Boost advertising revenues by offering native advertising on your site
Native advertising is content that is created to subtly promote or sell a product. It is also referred to as an advertorial. Most often, this content is sponsored by a third-party advertiser, although publishers also write native ads for their own products.
Different types of native advertising examples include in-feed ad units, which are articles that look like every other piece of content on your site, except it’s clearly labeled as sponsored. We also consider the paid search units in your website search results to be native advertising. Additionally, if you recommend third-party content in your “related content” section below articles, those would be considered native ads. If you sell listings, like AutoTrader, then any listings that are paid for and sponsored (by a car manufacturer for example) would be native ads. Some sites have featured content widgets displayed at the top of their content, or alongside it that are sponsored by advertisers and yes, those are also native ads.
If at any point you are producing, displaying, or publishing natural content from an advertiser on your site, this could be considered native advertising.
The content for a Native ad, which is most often a long or short article, may be produced by the advertiser, or it may be created by an inhouse marketing team of the publisher. Conde Naste is one such publisher that has created an entire native advertising team called 23 Stories by Conde Nast, to accommodate advertiser demand.“We are changing the branded content game with 23 Stories by Condé Nast by offering marketers, for the first time, access to our unparalleled editorial assets,” CMO Edward Menicheschi said in a statement. On that note, Digiday recently took a look at the state of native advertising through the lens of five data sets.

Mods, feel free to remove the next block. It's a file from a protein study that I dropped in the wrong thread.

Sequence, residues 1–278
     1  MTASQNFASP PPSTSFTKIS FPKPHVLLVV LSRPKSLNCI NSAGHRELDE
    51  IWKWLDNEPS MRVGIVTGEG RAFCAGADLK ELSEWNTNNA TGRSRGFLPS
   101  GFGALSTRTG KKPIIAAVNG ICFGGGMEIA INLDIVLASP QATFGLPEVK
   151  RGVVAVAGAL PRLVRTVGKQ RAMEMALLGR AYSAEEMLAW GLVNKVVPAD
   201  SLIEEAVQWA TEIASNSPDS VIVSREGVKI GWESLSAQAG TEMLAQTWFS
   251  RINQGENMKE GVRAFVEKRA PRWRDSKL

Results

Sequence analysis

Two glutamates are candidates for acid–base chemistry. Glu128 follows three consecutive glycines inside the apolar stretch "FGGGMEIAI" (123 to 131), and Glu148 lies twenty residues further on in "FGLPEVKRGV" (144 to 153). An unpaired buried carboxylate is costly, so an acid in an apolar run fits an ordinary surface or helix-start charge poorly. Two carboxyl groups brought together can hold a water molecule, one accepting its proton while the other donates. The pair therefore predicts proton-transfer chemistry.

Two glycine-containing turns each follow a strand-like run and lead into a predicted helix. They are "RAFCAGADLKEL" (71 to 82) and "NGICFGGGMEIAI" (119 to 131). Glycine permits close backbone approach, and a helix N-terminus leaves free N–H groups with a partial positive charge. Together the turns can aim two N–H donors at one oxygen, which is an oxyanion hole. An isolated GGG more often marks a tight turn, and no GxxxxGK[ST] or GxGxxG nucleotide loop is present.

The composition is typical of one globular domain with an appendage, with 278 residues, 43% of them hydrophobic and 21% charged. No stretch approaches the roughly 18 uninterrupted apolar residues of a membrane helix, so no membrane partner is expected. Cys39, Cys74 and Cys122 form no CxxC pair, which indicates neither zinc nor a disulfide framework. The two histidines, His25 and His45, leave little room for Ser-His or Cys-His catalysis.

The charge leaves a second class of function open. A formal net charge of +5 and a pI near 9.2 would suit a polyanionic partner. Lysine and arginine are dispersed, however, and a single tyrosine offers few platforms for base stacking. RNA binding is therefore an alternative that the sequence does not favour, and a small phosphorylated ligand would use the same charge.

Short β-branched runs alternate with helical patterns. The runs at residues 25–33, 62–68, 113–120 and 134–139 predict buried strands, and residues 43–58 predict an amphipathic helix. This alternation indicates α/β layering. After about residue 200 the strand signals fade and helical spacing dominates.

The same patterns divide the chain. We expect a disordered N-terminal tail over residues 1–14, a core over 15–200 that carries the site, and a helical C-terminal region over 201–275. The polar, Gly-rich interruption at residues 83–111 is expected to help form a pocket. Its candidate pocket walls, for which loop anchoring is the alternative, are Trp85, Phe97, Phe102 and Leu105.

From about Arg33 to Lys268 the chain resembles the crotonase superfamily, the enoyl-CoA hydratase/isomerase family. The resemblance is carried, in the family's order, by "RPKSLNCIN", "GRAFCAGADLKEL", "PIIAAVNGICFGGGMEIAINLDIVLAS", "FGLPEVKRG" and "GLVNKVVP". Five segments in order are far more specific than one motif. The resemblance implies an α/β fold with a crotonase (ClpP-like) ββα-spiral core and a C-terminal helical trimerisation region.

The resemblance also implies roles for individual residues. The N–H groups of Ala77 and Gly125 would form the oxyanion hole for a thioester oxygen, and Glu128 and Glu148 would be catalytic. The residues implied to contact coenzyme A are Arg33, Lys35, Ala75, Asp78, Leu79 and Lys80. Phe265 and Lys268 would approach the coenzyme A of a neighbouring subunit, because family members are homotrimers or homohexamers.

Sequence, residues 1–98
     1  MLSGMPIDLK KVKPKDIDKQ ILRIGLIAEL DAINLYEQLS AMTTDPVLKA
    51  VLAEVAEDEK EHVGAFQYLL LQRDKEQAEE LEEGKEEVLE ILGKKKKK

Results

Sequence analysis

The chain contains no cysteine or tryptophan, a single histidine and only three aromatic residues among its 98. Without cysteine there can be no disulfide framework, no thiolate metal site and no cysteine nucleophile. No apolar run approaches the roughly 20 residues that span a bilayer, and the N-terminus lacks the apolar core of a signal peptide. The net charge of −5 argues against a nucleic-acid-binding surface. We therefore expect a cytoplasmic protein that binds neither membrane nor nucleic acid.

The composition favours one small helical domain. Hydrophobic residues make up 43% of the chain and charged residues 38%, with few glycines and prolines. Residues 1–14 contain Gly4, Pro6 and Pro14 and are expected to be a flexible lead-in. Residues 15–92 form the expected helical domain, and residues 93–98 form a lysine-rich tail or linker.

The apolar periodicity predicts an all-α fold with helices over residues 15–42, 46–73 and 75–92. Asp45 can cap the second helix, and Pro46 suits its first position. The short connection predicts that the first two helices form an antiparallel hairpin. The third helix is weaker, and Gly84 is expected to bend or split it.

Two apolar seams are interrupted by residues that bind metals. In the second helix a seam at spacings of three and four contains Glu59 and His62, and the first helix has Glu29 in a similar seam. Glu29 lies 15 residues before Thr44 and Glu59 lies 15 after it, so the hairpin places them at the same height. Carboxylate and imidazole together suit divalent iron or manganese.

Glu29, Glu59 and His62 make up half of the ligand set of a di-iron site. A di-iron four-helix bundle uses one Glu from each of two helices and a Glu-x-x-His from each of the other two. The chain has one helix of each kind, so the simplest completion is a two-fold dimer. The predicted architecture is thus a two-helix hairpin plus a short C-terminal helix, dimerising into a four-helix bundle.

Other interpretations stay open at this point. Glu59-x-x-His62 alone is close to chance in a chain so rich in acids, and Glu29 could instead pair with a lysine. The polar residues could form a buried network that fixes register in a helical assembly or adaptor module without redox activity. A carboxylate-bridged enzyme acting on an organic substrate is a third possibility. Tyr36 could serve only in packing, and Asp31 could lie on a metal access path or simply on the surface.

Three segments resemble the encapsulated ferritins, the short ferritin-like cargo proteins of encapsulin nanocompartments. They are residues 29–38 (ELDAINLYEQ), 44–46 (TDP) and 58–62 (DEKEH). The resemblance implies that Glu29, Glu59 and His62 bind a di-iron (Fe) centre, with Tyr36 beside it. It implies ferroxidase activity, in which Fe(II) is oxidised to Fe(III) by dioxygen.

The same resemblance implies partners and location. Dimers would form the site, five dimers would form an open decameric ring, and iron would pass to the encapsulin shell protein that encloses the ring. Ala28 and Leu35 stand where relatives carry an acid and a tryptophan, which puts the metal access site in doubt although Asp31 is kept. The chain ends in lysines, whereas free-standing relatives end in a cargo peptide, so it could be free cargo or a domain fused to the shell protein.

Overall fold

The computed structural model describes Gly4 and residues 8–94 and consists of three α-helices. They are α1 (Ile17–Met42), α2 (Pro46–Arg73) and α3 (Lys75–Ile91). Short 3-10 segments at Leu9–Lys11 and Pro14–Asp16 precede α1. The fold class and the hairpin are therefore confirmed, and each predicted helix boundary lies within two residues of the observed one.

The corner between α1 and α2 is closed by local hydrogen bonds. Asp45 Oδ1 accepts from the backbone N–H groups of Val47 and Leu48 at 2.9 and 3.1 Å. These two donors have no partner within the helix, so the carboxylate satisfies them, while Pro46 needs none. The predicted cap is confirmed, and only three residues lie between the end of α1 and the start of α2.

“New data from native ad platform Polar published today show 40 percent of publishers expect native advertising to drive one-fourth or more of their digital revenue this year, while the other 60 percent expect it to generate less than a tenth,” Lucia Moses writes. “Creating the content for native ads is one of the biggest issues for brands, many of which don’t have the editorial chops to do it themselves. Half of publishers take full editorial control of creating sponsored content; 36 percent let advertisers contribute content on a case-by-case basis, according to Polar.”
Other findings show that more and more brands are creating their own content, but that native that mimics surrounding editorial, is “sponsored,” and that has “subtle labeling” performs at the highest levels, perhaps unsurprisingly.
In this example on USA Today, the news article is being sponsored by G/O Digital, and it’s clearly stated at the top of the article, in the byline and at the beginning of the article. G/O Digital also receives a banner ad on the article itself.
At the bottom of the article, there is yet another clarification that the article is sponsored.
All of these mentions of the advertisers aren’t just a formality, they’re required by the FTC. When publishing native ads on your site the FTC requires you to say so. If a user could in any way think the content is purely editorial and not sponsored, then the publisher is subject to fines deemed by the FTC.